Toyota’s Prius c has established itself solidly as the third-best-selling hybrid being the lowest price Prius, and the highest mpg car “without a plug” sold in America.

The subcompact c is a full hybrid and one of four Prius “family” members, the others being the regular “Liftback,” the wagon-like Prius v, and the Prius Plug-in Hybrid Electric Vehicle.

If you are wondering about the nomenclature, the lower case “c” stands for city, which Toyota says is its ideal habitat, but this is essentially just a small hatch with decent utility that’s usable anywhere such a car would make sense.


Motivating the Prius c is a version of Toyota’s “Hybrid Synergy Drive,” its proprietary name for its full hybrid technology pioneered in the original Prius.

Like the last (second) generation Prius, the base engine is a 1.5-liter four cylinder Atkinson cycle design. In this case, it’s an updated version.

Compared to the 1.8-liter in the Liftback, the Prius c offers 25 less horsepower, or 73 total, with 82 pound-feet of torque.


This of course is augmented by a seamlessly integrated electric motor and fed through a continuously variable transmission (CVT).

A 144-volt nickel-metal hydride battery pack resides under the rear passenger seat, near the center of the vehicle and low in the chassis.

Output for the total HSD system is 99 horsepower for a vehicle weighing 500 pounds less than today’s Liftback which is classed as a mid-size vehicle based on interior volume.


The little c is based on the Yaris platform. Its outward dimensions are around four inches longer than the Yaris and it’s quite similar to the first-generation Prius which was launched in the U.S. in 2000.

Both have a 100.4-inch wheelbase, the same 66.7-inch width and employ a 1.5-liter four-cylinder engine. However, the Prius c is 12 inches shorter than the original Prius, and 265 pounds lighter.


The Prius c is a tiny car, but well constructed as can be within its class. The Insurance Institute of Highway Safety awarded it a Top Safety Pick after crash testing it.

Its body used lightweight, high-strength steel “extensively” not just to lessen the curb weight for economy, but to make a respectable crash cage.

High-tensile-strength steel is used to better enable ability to absorb and disperse impact energies. Also helping things are nine airbags, but the car has received mixed reviews regarding it crashworthiness in the IIHS small overlap test.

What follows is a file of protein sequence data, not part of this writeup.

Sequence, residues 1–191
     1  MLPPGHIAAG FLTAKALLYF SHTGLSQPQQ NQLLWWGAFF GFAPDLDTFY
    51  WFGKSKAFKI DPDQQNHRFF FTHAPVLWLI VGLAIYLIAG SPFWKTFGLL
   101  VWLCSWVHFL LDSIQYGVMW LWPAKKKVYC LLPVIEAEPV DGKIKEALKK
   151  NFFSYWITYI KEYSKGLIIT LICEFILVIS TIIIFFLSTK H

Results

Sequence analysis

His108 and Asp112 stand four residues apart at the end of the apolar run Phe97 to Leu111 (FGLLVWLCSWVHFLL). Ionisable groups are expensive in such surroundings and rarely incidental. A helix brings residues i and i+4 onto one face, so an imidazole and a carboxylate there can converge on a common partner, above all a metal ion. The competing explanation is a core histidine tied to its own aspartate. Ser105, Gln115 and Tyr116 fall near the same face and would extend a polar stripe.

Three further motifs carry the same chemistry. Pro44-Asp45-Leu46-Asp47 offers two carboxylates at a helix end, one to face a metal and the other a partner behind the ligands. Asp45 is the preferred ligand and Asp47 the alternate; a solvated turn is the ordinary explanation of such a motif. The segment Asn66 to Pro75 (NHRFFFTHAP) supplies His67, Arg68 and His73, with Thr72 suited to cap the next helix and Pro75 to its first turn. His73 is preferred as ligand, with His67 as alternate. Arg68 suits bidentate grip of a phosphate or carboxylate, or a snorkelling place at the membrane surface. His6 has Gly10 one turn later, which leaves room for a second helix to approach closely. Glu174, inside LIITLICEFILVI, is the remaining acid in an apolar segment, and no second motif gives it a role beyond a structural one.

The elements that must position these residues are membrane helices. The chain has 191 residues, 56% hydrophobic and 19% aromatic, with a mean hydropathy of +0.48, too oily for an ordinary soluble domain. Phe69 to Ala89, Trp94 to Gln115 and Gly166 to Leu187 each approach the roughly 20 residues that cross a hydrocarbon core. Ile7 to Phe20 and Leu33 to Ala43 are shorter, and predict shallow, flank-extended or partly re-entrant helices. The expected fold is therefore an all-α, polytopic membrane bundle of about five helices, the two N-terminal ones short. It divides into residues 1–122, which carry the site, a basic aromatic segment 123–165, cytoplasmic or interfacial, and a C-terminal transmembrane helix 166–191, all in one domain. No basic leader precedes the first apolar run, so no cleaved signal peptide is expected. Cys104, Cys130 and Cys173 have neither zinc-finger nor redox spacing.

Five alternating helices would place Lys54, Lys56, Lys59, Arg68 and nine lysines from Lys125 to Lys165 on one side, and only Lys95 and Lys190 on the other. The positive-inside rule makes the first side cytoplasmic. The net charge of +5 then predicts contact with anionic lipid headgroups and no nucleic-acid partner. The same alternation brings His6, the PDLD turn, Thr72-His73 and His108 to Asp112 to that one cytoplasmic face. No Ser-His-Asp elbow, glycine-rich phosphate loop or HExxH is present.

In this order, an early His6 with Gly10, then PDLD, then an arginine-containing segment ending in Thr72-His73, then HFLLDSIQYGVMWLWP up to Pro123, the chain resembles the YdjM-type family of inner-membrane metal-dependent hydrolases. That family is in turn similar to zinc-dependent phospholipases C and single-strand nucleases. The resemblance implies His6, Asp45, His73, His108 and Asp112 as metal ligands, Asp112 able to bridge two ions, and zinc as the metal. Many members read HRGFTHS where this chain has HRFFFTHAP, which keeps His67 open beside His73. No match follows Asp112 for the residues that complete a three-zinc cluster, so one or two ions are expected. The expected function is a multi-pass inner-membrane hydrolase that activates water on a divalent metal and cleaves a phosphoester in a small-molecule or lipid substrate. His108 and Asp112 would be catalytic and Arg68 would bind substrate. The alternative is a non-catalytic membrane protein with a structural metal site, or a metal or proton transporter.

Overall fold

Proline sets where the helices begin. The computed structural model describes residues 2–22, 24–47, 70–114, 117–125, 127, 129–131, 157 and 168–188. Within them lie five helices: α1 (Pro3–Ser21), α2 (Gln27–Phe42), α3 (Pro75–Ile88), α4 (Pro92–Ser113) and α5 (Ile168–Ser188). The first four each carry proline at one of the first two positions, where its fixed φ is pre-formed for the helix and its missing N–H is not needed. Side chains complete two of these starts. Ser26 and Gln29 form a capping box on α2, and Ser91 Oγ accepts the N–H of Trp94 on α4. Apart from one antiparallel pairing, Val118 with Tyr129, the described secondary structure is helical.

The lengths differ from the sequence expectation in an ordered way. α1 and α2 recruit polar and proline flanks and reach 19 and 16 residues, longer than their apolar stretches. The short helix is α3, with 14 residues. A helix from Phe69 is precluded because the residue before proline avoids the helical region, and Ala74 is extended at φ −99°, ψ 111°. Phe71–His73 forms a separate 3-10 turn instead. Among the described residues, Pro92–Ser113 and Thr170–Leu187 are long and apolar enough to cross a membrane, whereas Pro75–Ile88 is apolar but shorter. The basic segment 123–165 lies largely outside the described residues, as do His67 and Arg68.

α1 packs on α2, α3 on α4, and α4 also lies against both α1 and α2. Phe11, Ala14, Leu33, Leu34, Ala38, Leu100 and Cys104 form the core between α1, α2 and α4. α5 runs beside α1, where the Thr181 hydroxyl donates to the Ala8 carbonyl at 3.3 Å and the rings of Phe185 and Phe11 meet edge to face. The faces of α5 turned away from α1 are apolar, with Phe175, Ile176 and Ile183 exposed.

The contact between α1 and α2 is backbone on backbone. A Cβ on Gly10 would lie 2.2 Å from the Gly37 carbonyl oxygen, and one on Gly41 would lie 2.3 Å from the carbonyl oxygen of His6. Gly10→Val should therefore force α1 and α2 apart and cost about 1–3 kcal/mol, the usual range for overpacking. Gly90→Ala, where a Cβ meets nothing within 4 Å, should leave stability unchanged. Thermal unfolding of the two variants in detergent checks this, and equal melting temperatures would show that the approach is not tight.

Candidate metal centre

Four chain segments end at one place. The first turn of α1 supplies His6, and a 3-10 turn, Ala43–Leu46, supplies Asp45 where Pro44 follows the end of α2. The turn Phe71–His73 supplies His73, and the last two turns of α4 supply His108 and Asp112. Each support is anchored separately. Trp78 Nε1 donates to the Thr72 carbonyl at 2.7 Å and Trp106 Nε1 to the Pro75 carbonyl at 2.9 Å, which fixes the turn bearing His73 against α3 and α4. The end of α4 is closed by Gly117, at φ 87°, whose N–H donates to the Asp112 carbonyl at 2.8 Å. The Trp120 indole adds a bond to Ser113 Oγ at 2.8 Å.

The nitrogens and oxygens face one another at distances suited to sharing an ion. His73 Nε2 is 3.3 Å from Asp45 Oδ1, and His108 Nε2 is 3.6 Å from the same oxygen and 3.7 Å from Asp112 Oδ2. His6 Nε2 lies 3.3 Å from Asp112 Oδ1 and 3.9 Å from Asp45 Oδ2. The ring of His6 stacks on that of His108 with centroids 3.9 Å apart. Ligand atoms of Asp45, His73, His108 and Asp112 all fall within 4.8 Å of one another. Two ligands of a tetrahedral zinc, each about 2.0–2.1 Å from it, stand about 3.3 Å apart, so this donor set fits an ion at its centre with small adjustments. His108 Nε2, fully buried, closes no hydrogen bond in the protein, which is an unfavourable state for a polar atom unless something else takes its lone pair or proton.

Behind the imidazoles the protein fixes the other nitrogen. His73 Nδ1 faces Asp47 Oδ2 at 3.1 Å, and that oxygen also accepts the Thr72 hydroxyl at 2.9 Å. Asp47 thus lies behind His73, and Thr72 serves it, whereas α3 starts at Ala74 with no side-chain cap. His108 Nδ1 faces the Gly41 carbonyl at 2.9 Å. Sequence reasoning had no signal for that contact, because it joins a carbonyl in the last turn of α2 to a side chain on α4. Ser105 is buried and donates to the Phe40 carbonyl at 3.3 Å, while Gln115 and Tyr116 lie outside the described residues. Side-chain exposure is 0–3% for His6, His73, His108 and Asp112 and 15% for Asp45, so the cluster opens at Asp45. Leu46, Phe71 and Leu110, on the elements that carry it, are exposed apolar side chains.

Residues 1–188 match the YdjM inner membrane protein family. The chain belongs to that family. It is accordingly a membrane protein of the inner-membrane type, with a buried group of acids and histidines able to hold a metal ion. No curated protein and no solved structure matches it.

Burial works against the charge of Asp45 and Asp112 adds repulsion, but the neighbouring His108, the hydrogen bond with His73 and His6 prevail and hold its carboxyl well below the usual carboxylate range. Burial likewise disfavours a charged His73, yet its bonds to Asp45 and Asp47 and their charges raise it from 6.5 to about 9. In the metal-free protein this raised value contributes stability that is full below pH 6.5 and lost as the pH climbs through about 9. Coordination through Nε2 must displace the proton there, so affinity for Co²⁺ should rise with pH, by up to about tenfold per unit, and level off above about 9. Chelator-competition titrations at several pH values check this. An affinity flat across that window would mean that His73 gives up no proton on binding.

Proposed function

Where Toyota made big gains with the Prius c over its original attempt more than a dozen years ago is fuel economy. The Prius c is EPA rated at 53 mpg city/46 highway and 50 combined compared to the first model’s 42/41/41 rating.


Inside, the interior has some inexpensive plastic, and does lag behind others in the subcompact class like the Ford Focus and Hyundai Accent.


The dash and layout are designed to appeal to the so-called millennial generation.

Standard for all trim levels is automatic climate control, a full color TFT Multi-Information Display and remote keyless entry with illuminated entry, tilt-telescopic steering wheel with integrated switches for audio, climate and Bluetooth hands-free phone capability.

On The Road

Driving the Prius c is within what one would expect of a Toyota city car. Of course it can be driven coast to coast if desired, and the car verges on being fun to drive, but it’s best suited as a local runner.

A high level of torsional rigidity afforded by the Prius c body structure allows the suspension to be more optimally tuned for ride and handling.


Its excellent fuel mileage returned is within range of the EPA estimate assuming one drives at a legal pace, avoiding jackrabbit starts, and keeps a steady hand.

The Prius c is not especially powerful however, and this is one area where those who feel they need more than the minimum daily allowance of horsepower supplementation will want to search for other alternatives.

Of course, if they do, they will be hard pressed to find a less expensive car offering such efficiency. So, it is a trade-off, and one which many feel is more than worth it.
Other safety features – as found on all 2014 Toyotas – is the “Star Safety System.”

This package includes Vehicle Stability Control (VSC), Traction Control (TRAC), Anti-lock Brake System (ABS), Electronic Brake Force Distribution (EBD), Brake Assist (BA), and Smart Stop technologies.


The Prius c comes in several trim levels from One through Four.


Suggested retail prices, unchanged from 2013, range from $19,080 for the Prius c One to $23,360 for the Prius c Four. Destination charge for each is $810, so the base effective starts at $19,890 and the price range effectively extends to $24,170.

For a more detailed look at the Prius c, see also our 2013 full review with video of essentially the same car.